License built copy?

I notice lots of new threads about licensing a <insert item here>. You only need a license to build an exact copy of an item, not something you reengineer to your specs. Japan had superior subs, they don’t need a type VII, Germany is the one that needs the exact copy of the I Boatsas an example.
 
I think people assume that technology will solve X or Y problem, rather than human organisations. I also think people assume that X country can integrate Y technology and it will be as successful as it was in the parent country, when these countries have their own mature industries building things to their own requirements.

For example Japan didn't build powerful aero engines not because they couldn't design them, or even cast/forge/machine or finish them. They did so because they didn't have the metallurgy to do so, so liscence build X or Y powerful aero engine is tough because it has to use Japanese metallurgy, even if the casting, forging and machining are good enough.
 
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Good weapons need good personnel to man/crew and good tactics to be successful. Without any one of the trio, it's just a weapon and not a good weapon.
 
Licenses make a lot of sense, since it can buy you time - the most precious comodity.

Japanese have had powerful engines in production and use. Along with USA, the only other country with two 18 cyl engine types in production and service (vs. Germany, UK and Soviet Union with zero such engines).
 
Licenses make a lot of sense, since it can buy you time - the most precious comodity.
It is, Australia has and does make extensive use of license production of all sorts of aircraft, ships and other military gear as do many medium and minor powers who can build and sustain stuff but not design and develop it. Even great powers do this on occasion, the US built the Canberra and Harrier for example. That said the likes of Australia had to import the parts of licence built kit that we couldn't manufacture ourselves, so licence building means a lot of different things in a lot of different situations.

However it seems of late that people are seeing a failure on the part of a great power and suggesting that some other great power's piece of kit will solve the problem. This ignores all sorts of human and organisational issues, but I also think it ignores industrial issues as well and assumes that if a country can build a submarine (plane, tank etc) it can build X or Y type of submarine (etc) and that is good.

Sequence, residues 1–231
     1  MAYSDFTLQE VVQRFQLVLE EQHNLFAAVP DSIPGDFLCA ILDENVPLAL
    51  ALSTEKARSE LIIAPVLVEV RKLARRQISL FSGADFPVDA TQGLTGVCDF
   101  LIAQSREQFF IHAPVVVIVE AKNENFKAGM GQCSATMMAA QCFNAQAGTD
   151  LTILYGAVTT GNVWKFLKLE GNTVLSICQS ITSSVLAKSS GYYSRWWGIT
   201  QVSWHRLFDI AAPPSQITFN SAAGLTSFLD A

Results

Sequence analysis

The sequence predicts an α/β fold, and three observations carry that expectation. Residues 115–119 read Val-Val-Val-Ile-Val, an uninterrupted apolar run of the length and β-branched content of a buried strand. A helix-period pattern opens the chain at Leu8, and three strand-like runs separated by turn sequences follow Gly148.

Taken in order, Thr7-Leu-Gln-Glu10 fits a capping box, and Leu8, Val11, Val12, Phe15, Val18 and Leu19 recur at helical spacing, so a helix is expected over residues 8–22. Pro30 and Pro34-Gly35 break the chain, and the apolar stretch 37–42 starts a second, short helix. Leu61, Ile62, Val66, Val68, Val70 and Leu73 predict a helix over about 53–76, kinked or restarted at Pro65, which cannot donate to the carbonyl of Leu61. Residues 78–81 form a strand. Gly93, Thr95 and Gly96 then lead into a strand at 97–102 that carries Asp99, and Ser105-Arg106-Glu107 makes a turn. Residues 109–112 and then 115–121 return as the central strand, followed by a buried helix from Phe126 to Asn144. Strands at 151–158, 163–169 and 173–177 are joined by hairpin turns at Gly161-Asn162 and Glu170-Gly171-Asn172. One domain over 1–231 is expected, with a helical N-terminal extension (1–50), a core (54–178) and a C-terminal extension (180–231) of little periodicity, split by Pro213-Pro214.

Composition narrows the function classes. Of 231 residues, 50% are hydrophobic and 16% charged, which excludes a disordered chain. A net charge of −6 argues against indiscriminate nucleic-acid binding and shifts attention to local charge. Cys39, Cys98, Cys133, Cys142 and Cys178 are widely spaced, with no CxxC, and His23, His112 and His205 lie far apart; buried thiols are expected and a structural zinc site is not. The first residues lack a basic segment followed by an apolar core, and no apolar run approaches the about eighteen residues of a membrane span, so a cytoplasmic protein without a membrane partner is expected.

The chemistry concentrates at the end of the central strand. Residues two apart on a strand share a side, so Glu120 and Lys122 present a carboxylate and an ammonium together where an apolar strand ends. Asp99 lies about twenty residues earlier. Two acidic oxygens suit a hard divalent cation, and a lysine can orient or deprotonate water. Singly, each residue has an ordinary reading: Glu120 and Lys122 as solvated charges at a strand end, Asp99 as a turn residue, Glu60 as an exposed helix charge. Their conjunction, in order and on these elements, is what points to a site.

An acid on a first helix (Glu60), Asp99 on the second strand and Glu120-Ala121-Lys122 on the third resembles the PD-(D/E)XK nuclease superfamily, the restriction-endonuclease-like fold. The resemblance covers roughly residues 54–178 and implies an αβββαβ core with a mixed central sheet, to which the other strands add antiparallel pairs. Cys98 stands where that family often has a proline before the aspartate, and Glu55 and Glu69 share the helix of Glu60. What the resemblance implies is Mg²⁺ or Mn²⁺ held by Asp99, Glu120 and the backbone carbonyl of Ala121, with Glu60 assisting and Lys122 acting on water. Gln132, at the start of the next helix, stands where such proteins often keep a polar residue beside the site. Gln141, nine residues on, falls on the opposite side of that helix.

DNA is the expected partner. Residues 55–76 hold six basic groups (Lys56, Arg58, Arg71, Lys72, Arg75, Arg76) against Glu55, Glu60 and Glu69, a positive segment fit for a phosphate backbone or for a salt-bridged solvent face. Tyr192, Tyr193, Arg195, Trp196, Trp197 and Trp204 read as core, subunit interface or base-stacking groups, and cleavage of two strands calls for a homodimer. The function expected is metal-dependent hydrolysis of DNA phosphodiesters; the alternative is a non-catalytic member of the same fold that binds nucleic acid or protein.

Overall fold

Japanese have had powerful engines in production and use. Along with USA, the only other country with two 18 cyl engine types in production and service (vs. Germany, UK and Soviet Union with zero such engines).
I was thinking of the Zero engine which had 950hp when the Wildcat had 1200hp and contemporary British radials had similar power. The US and Britain had 2000hp aero engines in production in about 1942.
 
I think people assume that technology will solve X or Y problem, rather than human organisations. I also think people assume that X country can integrate Y technology and it will be as successful as it was in the parent country, when these countries have their own mature industries building things to their own requirements.

For example Japan didn't build powerful aero engines not because they couldn't design them, or even cast/forge/machine or finish them. They did so because they didn't have the metallurgy to do so, so liscence build X or Y powerful aero engine is tough because it has to use Japanese metallurgy, even if the casting, forging and machining are good enough.
Japan did build powerful aero-engines. They were radials. Liquid cooled engines, they had problems with.
 
It is, Australia has and does make extensive use of license production of all sorts of aircraft, ships and other military gear as do many medium and minor powers who can build and sustain stuff but not design and develop it. Even great powers do this on occasion, the US built the Canberra and Harrier for example. That said the likes of Australia had to import the parts of licence built kit that we couldn't manufacture ourselves, so licence building means a lot of different things in a lot of different situations.

However it seems of late that people are seeing a failure on the part of a great power and suggesting that some other great power's piece of kit will solve the problem. This ignores all sorts of human and organisational issues, but I also think it ignores industrial issues as well and assumes that if a country can build a submarine (plane, tank etc) it can build X or Y type of submarine (etc) and that is good.
Piece of kit can patch a problem todayperhaps, but not be a cure for anything. Granted, some liecensing deals were competed better than other ones...

I was thinking of the Zero engine which had 950hp when the Wildcat had 1200hp and contemporary British radials had similar power. The US and Britain had 2000hp aero engines in production in about 1942.